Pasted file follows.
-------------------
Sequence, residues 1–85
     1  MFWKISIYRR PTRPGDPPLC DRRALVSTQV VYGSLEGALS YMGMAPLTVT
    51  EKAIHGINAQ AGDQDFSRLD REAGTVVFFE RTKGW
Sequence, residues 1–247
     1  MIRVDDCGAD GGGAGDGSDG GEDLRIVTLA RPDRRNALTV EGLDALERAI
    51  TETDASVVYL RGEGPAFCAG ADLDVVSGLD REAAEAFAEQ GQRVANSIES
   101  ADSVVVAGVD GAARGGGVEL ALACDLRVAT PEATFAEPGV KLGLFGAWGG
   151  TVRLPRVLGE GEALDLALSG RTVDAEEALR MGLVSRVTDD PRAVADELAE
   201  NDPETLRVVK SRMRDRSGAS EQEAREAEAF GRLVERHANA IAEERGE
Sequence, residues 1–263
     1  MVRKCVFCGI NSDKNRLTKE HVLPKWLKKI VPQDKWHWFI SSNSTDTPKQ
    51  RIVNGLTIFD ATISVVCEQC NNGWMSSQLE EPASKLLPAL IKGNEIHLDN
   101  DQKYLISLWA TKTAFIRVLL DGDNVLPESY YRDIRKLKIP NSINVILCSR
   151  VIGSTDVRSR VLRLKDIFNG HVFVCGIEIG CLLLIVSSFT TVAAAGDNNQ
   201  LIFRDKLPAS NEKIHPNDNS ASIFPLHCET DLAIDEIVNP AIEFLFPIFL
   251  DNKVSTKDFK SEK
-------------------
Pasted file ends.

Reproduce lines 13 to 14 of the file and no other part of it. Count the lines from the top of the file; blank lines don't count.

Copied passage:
   101  DQKYLISLWA TKTAFIRVLL DGDNVLPESY YRDIRKLKIP NSINVILCSR
   151  VIGSTDVRSR VLRLKDIFNG HVFVCGIEIG CLLLIVSSFT TVAAAGDNNQ